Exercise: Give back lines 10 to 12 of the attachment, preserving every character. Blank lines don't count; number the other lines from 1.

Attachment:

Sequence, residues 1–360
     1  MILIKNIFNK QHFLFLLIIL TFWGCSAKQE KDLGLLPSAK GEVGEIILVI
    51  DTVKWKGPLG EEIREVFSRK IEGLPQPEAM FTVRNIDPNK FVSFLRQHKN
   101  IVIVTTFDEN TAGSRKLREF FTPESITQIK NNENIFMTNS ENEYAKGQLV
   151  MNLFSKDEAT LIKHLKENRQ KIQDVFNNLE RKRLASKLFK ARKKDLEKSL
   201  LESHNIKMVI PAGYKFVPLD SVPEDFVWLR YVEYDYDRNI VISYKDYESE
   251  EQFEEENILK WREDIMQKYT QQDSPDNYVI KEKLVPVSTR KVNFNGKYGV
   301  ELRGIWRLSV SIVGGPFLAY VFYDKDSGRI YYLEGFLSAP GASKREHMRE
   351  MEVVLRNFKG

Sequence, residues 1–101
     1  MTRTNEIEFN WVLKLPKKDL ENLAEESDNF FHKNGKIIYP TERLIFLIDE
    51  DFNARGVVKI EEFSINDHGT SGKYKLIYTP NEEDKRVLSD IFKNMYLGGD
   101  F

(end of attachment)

Sequence, residues 1–101
     1  MTRTNEIEFN WVLKLPKKDL ENLAEESDNF FHKNGKIIYP TERLIFLIDE
    51  DFNARGVVKI EEFSINDHGT SGKYKLIYTP NEEDKRVLSD IFKNMYLGGD